Coming to terms with the fact that your loved one is addicted to drugs can be one of the hardest realizations you will ever have to face. Even harder than that, is realizing when it is time to confront your loved one about their addiction. It never seems like the right time to bring up the subject of seeking help to your loved one, however, now is a better time than any. The longer you go without talking about, the higher the chances are that your loved one will be lost completely to the addiction. Below is a list of steps you need to take when deciding to confront a loved one about a drug problem.

Be Sure They Are Sober

Before you strike up the conversation about drug addiction, it is important to make sure your loved one is not under the influence. Being under the influence of any substance will make them less likely to listen to what you have to say. If your loved one is high, they will be irrational and they won't listen to what you say. They can even become angry, impulsive, or violent. Before you talk to them, be sure that your loved one is sober enough to talk about the addiction.

On the same note, you need to make sure you are sober as well. Waiting to talk to a loved one about an addiction until you are drunk will only defeat the purpose of the entire conversation. They will see you as a hypocrite and you will lose your credibility.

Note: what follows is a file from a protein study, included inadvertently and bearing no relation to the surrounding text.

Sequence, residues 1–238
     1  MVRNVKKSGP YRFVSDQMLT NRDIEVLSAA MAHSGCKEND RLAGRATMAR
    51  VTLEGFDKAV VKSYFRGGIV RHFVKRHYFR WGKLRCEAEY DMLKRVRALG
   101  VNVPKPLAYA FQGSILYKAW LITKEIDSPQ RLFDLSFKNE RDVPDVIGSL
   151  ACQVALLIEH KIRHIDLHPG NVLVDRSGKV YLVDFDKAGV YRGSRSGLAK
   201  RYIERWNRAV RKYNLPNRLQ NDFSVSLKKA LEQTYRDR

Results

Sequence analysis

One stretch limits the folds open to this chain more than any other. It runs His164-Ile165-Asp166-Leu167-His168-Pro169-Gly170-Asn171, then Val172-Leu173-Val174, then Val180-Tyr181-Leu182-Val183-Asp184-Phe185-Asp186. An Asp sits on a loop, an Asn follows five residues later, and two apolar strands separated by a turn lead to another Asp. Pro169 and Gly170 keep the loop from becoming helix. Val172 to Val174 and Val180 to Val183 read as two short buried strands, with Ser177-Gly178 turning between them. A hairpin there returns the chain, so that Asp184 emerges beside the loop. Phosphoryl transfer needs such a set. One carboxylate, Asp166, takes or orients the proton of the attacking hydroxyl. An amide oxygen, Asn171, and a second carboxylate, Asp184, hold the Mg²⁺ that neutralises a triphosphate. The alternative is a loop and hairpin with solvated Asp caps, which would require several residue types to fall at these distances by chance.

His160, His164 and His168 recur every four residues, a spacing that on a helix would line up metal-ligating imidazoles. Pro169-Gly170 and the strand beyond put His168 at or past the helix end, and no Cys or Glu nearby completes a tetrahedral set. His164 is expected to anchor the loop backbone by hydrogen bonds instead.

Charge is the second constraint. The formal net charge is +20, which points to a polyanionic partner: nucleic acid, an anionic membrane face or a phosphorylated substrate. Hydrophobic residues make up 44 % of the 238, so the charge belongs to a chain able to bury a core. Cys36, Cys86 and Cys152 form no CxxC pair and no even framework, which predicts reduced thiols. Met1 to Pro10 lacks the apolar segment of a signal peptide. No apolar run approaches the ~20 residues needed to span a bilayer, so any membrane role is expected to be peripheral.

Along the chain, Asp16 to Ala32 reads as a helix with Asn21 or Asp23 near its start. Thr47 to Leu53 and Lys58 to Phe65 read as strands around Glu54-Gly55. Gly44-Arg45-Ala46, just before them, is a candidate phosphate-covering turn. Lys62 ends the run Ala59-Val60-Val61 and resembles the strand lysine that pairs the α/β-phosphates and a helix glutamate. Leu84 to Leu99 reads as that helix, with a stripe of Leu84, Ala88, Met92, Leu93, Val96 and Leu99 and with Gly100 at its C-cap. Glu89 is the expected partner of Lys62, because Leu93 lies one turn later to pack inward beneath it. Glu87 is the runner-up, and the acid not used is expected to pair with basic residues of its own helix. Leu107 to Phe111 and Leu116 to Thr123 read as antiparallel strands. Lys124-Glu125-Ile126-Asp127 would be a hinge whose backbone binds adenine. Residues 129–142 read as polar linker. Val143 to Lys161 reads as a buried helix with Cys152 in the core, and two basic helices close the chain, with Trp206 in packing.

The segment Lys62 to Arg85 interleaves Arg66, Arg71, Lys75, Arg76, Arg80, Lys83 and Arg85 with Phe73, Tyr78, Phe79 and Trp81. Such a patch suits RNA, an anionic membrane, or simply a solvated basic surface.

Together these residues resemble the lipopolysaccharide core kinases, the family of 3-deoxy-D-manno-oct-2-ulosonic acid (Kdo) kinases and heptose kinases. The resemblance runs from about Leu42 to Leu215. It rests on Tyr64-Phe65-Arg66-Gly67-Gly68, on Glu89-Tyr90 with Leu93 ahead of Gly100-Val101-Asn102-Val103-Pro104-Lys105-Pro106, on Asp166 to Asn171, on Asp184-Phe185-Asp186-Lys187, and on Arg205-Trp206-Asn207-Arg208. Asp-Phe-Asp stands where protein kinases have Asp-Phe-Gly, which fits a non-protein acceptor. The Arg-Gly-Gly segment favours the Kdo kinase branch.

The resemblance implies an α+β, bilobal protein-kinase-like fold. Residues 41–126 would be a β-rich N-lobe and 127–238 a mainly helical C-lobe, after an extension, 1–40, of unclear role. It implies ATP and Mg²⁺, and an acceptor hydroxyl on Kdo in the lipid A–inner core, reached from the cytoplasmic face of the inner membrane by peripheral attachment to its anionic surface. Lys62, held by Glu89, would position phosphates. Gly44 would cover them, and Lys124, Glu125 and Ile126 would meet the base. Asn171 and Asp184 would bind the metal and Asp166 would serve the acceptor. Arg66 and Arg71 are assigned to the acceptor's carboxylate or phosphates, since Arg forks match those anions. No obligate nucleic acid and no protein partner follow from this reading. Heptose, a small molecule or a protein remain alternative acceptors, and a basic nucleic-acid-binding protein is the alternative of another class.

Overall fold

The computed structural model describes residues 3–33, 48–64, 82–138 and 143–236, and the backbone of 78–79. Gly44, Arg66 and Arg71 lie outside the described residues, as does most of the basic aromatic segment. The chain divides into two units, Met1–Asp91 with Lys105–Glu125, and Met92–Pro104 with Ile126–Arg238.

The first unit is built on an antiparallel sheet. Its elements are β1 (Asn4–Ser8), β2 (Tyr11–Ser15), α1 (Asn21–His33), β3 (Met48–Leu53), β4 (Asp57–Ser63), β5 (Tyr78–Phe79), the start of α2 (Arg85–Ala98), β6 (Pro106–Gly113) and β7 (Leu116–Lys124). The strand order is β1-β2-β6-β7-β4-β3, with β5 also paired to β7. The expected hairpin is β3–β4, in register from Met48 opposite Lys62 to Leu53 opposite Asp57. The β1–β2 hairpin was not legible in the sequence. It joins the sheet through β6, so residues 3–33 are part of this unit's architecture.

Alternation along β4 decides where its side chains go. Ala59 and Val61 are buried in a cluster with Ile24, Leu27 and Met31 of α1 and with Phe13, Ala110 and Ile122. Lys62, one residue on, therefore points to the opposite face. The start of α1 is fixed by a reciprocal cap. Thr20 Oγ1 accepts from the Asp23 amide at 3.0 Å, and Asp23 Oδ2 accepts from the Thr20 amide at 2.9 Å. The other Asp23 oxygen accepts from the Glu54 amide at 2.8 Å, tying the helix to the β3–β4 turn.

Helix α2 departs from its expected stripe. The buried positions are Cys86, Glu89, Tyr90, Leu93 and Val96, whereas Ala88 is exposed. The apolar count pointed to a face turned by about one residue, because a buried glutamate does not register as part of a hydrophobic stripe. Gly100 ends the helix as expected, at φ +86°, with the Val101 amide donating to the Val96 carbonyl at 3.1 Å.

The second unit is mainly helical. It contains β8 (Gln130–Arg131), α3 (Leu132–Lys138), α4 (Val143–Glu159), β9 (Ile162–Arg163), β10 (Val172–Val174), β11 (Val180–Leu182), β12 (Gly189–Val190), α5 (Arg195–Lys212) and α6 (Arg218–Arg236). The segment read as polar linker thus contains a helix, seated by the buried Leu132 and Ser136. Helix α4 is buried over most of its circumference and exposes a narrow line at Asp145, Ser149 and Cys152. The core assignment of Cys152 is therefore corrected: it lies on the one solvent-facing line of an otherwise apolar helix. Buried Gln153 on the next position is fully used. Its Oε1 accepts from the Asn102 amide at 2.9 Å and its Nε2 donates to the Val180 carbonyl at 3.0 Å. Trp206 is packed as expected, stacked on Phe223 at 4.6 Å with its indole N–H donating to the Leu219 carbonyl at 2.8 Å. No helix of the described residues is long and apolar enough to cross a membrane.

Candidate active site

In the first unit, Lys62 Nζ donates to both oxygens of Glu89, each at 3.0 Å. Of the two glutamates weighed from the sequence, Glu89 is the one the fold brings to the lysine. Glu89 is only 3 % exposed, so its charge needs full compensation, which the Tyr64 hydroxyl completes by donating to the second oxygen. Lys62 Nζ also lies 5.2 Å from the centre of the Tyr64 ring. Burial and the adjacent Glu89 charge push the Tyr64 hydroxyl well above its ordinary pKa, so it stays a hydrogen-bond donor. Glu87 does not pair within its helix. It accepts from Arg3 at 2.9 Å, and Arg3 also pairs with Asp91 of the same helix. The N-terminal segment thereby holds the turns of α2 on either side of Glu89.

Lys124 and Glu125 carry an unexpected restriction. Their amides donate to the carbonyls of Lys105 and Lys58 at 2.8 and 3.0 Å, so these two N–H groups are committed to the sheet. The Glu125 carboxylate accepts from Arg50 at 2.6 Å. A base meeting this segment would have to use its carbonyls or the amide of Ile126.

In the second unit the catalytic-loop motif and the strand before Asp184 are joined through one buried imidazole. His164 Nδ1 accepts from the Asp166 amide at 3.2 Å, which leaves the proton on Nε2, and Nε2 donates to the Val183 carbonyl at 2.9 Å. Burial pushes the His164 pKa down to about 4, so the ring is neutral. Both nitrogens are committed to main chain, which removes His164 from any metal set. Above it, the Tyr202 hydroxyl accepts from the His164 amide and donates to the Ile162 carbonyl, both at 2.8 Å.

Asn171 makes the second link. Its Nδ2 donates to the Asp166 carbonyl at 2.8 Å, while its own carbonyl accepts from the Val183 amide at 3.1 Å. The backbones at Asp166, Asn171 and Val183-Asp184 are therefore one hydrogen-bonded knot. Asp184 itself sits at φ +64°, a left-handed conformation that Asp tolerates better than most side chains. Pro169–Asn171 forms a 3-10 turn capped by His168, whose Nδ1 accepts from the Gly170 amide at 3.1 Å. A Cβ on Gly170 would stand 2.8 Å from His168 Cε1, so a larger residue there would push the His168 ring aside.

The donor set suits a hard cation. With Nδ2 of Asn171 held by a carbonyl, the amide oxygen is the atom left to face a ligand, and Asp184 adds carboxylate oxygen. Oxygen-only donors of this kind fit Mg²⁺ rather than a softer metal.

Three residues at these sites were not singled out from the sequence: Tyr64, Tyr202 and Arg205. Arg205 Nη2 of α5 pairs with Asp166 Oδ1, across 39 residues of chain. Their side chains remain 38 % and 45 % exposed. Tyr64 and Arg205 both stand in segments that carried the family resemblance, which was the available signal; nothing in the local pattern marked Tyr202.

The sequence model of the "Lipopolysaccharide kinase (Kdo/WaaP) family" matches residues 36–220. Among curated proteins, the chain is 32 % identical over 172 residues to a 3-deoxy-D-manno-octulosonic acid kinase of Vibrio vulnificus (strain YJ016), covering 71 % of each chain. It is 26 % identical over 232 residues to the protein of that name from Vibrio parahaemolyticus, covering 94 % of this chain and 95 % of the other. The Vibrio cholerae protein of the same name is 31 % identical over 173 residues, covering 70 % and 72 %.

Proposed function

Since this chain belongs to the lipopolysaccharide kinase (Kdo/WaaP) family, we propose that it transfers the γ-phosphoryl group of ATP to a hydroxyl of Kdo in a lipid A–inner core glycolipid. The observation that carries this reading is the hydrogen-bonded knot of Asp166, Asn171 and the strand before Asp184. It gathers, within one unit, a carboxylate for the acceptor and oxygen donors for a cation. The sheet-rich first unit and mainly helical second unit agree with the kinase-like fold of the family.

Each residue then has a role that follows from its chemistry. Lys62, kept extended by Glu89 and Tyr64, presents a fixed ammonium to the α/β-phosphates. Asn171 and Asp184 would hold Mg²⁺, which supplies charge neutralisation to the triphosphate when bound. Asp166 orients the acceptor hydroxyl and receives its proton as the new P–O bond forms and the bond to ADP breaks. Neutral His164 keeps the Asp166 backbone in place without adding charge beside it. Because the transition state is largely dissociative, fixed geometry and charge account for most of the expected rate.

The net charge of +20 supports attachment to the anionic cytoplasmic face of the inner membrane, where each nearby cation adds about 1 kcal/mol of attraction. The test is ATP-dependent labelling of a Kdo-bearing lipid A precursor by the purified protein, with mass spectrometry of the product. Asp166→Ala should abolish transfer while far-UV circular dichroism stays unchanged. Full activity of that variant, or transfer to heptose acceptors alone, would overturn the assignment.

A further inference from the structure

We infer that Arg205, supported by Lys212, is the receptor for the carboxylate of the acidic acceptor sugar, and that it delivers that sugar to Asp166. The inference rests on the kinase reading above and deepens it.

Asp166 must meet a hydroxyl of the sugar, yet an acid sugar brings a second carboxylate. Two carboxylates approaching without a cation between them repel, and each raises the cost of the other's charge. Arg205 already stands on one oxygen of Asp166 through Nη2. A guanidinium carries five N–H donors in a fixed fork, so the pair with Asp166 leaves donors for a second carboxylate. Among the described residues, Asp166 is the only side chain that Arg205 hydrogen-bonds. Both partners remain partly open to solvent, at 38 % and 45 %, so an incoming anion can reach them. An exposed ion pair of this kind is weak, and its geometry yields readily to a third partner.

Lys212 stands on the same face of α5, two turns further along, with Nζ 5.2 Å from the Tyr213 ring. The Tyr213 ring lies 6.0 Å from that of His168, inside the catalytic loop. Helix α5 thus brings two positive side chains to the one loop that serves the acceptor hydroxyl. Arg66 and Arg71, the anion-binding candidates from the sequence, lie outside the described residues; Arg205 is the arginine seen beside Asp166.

Schedule A Time To Talk

This type of conversation needs to be done when the two of you have enough time to actually talk. Sitting down and talking to them about the addiction on whim is a poor decision because you never know what plans may pop up. Schedule a time with your loved one to go out to a quiet lunch so that the two of you can talk, away from everything else, about the addiction. You want to have a two-way conversation, with both of you talking about concerns that you have. Communication is key in this situation.

You need to prepare yourself for the things your loved one will say. Bring up an addiction will hurt them and you need to be prepared for a few minutes of them not understanding where you are coming from. They may even feel betrayed. Be patient with them as they work through their thoughts and emotions. Love them and help them through the process.

Speak Honestly

When talking to your loved one about their addiction, you can not beat around the bush to try to preserve feelings. You need to speak honestly about how they behave and how it makes you feel. If they have hurt you with the addiction, you need to let them know. This is not a conversation to hurt feelings, but to help the other person understand that there is a problem with their drug usage. By being honest, you are making it so they can not provide excuses. You are forcing them to face the consequences of their actions.

Do not look to point the finger or blame them for everything. While you must speak honestly, you must also exercise empathy for them. Let them know that they are not alone and that you understand they are hurting as well. The less your loved one feels alone, the higher the chances are of them actually admitting that they have a drug problem.

It's hard when you have to face the realization that your loved one is addicted to drugs, but not as hard as actually making the decision to talk to them about. Go to the with love, understanding and patience and help them along their path to complete recovery. For assistance, talk to a professional drug treatment center.